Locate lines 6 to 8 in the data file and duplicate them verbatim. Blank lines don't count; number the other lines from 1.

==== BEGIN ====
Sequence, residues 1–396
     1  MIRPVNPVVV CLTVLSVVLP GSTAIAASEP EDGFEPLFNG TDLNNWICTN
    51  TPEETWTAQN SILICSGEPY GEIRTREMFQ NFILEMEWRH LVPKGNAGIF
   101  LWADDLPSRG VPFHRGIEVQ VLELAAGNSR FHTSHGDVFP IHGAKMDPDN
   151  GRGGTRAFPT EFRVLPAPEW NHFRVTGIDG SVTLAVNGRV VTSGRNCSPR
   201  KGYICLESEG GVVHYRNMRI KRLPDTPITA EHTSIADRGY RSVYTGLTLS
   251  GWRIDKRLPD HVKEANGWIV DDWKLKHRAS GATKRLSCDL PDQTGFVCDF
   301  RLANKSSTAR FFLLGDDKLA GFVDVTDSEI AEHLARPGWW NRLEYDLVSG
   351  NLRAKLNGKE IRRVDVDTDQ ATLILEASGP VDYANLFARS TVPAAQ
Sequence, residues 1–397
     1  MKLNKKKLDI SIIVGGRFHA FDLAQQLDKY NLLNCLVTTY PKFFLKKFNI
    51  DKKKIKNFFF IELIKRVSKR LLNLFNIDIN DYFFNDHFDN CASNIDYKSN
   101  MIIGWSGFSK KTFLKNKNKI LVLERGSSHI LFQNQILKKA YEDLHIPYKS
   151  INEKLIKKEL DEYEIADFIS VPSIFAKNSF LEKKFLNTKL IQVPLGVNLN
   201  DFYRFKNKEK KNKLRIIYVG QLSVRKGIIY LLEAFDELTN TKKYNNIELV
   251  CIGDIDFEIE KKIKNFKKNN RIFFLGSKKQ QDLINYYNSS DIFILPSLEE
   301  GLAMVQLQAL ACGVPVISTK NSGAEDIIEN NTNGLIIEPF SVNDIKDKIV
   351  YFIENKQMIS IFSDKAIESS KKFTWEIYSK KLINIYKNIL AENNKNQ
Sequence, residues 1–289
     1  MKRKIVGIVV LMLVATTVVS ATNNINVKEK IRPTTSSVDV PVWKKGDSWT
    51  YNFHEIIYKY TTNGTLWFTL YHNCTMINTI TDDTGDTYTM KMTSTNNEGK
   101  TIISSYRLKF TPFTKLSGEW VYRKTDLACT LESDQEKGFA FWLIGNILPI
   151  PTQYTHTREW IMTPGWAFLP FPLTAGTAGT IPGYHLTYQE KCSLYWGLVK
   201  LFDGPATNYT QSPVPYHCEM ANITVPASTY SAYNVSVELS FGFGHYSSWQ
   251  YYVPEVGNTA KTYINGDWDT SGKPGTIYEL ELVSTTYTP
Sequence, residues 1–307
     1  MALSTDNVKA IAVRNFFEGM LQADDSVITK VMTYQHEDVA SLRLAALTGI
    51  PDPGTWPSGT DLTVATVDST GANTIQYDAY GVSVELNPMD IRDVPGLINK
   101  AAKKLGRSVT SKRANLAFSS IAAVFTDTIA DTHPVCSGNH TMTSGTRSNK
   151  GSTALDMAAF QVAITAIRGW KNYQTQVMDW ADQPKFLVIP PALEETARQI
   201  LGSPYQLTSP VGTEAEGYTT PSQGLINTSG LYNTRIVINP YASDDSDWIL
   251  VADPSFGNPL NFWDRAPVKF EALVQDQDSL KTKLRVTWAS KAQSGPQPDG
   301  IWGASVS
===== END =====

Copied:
   201  KGYICLESEG GVVHYRNMRI KRLPDTPITA EHTSIADRGY RSVYTGLTLS
   251  GWRIDKRLPD HVKEANGWIV DDWKLKHRAS GATKRLSCDL PDQTGFVCDF
   301  RLANKSSTAR FFLLGDDKLA GFVDVTDSEI AEHLARPGWW NRLEYDLVSG